The General Theory of Employment, Interest, and Money

The General Theory of Employment, Interest, and Money

John Maynard Keynes

Language: English

Pages: 403

ISBN: 0156347113

Format: PDF / Kindle (mobi) / ePub

Keynes profoundly influenced the New Deal and created the basis for classic economic theory. “I can think of no single book that has so changed the conception held by economists as to the working of the capitalist system” (Robert L. Heilbroner). Index.















another. In what follows it will be convenient, as a rule, to omit 2 and write for the aggregate sales of all kinds, Aj for the aggregate sales from one entrepreneur to another and for the aggregate user costs of the entrepreneurs. Having now defined both income and consumption, the definition of saving, which is the excess of income over consumption, naturally follows. Since income is - u and consumption is equal to equal to - U. Similarly, it follows that saving is equal to t we have net saving

depreciation in the price of securities and other assets. For if a man is enjoying a windfall increment interest, in the value of his capital, it is natural that his motives towards current spending should be strengthened, even though in terms of income his capital is worth no more than before; and weakened if he is suffering capital But this indirect influence we have allowed for losses. Apart from this, the main already under (3) above. conclusion suggested by experience is, I think, that the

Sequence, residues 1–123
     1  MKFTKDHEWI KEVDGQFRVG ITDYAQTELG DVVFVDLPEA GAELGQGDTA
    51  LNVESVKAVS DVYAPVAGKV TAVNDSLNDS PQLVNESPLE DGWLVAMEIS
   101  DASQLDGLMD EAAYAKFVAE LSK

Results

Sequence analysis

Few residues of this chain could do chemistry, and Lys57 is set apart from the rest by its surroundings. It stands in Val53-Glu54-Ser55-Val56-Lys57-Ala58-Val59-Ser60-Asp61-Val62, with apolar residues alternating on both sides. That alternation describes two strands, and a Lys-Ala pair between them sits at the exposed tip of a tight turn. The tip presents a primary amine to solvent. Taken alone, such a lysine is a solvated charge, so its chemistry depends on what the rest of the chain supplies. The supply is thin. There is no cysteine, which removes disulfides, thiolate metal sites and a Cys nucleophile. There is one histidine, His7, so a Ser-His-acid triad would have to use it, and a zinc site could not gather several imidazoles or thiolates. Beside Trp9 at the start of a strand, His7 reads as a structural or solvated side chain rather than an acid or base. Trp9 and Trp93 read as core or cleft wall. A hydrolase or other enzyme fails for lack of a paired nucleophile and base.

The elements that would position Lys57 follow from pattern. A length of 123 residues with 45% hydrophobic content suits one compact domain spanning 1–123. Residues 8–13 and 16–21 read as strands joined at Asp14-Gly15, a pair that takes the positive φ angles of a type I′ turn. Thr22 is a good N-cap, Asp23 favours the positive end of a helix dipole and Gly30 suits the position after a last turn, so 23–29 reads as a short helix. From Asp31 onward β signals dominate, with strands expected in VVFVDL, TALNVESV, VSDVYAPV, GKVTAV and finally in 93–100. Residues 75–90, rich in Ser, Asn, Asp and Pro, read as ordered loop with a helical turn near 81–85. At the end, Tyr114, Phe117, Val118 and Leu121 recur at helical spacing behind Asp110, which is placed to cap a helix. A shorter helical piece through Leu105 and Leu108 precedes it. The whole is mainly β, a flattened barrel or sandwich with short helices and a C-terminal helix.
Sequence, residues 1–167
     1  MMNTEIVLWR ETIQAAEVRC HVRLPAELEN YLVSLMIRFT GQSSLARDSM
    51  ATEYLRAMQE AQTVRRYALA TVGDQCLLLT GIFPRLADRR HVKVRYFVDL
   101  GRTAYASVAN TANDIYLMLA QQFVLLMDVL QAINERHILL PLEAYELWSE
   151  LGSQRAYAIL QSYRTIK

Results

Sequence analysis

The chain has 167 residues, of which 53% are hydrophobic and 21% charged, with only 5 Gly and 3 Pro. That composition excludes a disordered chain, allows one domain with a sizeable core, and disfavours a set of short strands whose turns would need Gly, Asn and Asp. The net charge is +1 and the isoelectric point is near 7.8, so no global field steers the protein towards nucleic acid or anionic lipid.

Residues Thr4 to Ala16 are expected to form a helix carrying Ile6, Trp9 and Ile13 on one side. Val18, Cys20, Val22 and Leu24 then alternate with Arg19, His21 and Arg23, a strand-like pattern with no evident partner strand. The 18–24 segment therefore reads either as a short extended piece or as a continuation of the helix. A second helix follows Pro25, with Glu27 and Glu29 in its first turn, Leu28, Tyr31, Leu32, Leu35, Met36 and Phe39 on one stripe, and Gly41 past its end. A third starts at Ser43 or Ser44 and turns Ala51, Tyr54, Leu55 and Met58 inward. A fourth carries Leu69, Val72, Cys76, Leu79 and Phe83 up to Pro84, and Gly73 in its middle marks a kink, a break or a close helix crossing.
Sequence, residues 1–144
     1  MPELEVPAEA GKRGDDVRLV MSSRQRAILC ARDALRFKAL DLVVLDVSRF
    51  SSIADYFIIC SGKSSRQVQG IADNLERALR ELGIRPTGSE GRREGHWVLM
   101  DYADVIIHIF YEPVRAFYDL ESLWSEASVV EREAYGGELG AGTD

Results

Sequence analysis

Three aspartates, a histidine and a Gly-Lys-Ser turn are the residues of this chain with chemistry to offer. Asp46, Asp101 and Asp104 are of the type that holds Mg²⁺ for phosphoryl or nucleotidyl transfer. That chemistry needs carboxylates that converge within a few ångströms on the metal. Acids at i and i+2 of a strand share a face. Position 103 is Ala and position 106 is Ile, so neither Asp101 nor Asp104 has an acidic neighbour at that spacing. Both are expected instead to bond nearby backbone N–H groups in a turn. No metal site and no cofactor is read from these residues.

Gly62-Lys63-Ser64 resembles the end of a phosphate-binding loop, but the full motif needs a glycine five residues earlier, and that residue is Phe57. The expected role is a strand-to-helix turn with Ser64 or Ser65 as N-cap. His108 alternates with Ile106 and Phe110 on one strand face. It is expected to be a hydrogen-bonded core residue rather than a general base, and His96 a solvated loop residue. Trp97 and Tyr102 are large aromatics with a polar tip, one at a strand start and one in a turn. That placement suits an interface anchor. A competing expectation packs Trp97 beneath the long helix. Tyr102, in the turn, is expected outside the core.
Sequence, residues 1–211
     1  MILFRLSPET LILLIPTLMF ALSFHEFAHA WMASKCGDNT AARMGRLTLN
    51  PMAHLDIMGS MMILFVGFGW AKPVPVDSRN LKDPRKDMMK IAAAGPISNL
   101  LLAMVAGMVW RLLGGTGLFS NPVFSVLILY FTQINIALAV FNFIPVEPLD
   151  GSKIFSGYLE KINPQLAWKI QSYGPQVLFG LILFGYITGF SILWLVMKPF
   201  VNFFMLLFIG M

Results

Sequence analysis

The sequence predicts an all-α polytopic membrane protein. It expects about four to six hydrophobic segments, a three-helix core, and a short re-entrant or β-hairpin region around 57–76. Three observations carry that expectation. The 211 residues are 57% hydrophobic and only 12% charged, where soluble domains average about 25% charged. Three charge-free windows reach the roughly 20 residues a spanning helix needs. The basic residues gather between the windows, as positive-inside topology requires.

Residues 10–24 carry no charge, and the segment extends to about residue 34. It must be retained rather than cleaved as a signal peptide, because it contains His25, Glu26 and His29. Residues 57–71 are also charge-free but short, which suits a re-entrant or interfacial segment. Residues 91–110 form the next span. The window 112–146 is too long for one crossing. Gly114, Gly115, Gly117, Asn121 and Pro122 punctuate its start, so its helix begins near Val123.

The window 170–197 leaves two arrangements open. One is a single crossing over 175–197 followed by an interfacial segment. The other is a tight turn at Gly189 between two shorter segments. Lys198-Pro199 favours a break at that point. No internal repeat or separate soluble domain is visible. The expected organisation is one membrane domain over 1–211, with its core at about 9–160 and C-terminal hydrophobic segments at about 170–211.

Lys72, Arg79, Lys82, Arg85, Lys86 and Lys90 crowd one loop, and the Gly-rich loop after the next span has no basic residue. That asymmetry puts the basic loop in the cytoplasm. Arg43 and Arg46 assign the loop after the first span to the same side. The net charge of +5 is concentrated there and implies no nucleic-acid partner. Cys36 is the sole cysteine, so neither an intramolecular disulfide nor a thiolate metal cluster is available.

much in excess of any present requirements for expenditure on repairs and renewals, a tendency which has been accentuated, where the investment has been made by local authorities and public boards, by the principles of "sound" finance which often require sinking funds sufficient to write off the initial cost some time before replacement will actually fall due; with the result that even if private individuals were ready to spend the whole of their net incomes it would be a severe task to restore

writes, 2 "is that rate which, employed in computing the present worth of all the costs and the present worth of all the returns, will make these two equal." Professor Fisher explains that the extent of investment in any direction will depend on a comparison between the rate of return over cost and the rate of interest. To induce new investment "the rate of return over cost after allowing shall see in — 1 But was he not wrong in supposing that the marginal productivity theory of wages is

largely govern marginal prime Thus if money-wages change, one would have cost. expected the classical school to argue that prices would change in almost the same proportion, leaving the real wage and the level of unemployment practically the same as before, any small gain or loss to labour being at the expense or profit of other elements of marginal cost which have been left unaltered. 1 They seem, however, to have been diverted from this line of thought, partly by the settled conviction that

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